Another brand, “Drinkwel,” claims it’s “Designed to replenish nutrients, support liver health and process alcohol induced toxins. Formulated by a PhD in Biomedical Science and a Naturopathic Physician.” Someone named Gretchen left a five-star review on that website, raving “I purchased these for the second time because I have a trip to Vegas in the near future. I tried them for the first time last year when we went and it definitely made a difference waking up in the morning after a long night of drinking. I would recommend them to anyone who has a long night planned with alcohol being involved.” People whose jobs require them to drink and those who party hard have called it a “magic pill.”
There’s also a shot you can drink called “Morning Recovery” (oh the irony) whose main ingredient is something called, DHM (Dihydromyricetin), a “powerful flavonoid that helps accelerate your body’s ability to break down acetaldehyde and other toxins from alcohol.” Says them: “Studies show DHM boosts liver performance and helps mitigate the ‘rebound’ effect on your brain by inhibiting GABA-a receptors. Say goodbye to next-day fog and sluggishness.”
Something called “PreFunc,” a shot you take before your first drink that is filled with green tea, ginseng and licorice root, brands itself with this message: “Are you a business professional who needs to network every weeknight? A student who just can’t miss out on a frat party even though you have a final in the morning? A mom who enjoys those ladies’ nights but still needs to be refreshed for the morning school run? A gym rat looking for the perfect detox shot? If you know you’re going to be drinking, always party responsibly. And the best way to do that? A two-ounce bottle of PreFunc as early into the night as possible. PreFunc should always be your first shot of the night. In the morning, wake up feeling refreshed and experience the magic of PreFunc. Head to work or class like last night was just a really good dream.”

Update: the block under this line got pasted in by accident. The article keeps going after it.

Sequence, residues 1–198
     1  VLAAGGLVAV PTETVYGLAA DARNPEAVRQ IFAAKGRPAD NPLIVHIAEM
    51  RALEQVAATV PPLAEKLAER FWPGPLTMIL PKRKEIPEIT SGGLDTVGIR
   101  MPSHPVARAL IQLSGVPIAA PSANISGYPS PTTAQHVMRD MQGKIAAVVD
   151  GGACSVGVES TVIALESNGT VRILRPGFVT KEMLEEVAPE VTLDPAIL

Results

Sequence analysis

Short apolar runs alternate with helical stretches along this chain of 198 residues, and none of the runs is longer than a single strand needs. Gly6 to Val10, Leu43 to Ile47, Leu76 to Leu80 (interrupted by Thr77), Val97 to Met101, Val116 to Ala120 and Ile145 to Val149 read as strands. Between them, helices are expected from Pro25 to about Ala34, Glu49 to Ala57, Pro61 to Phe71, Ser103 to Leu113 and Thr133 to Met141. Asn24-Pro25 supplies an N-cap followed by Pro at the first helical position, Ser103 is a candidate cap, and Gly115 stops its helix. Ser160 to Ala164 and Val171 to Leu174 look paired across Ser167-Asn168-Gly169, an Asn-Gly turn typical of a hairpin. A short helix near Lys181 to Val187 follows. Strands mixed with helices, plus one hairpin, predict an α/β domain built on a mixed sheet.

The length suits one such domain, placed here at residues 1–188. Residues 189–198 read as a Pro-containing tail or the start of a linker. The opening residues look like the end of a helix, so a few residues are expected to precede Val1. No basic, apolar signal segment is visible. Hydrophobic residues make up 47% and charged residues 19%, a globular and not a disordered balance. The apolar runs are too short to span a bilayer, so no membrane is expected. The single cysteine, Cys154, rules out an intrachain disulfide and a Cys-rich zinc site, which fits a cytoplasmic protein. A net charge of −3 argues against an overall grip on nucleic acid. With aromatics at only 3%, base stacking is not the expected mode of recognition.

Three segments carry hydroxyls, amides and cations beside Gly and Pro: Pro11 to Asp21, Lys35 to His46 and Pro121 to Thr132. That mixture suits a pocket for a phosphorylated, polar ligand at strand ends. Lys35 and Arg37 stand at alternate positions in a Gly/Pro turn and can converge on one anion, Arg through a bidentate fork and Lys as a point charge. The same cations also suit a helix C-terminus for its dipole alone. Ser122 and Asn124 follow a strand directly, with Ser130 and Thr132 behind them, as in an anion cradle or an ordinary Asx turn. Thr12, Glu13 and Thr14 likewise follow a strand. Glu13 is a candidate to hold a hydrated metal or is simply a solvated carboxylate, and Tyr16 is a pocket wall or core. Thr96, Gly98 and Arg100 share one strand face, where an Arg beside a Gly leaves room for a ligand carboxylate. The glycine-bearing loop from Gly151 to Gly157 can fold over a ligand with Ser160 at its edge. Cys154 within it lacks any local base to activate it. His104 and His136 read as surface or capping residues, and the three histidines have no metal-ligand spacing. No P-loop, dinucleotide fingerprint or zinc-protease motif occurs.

Saving the best for last, there’s “Over EZ,” which claims that you can “Enjoy the night with no regrets.” I kid you not, #NoMoreHangovers follows.
One woman in recovery who I spoke to (and wishes to remain anonymous) said she believes this could be dangerous for alcoholics who are still active because it likely would have prolonged her own personal journey to getting sober. “There are different kinds of consequences that can push someone to get help, I think, but it was a combination of physical and social consequences for me, and I don’t know if social alone would have pushed me to where I am.”
“The reckless behavior, ranging from a “harmless” drunk text to potentially deadly drunk driving, can’t be undone with Vitamin B the next day. How on earth can you assure there will be no regrets?-Helaina Hovitz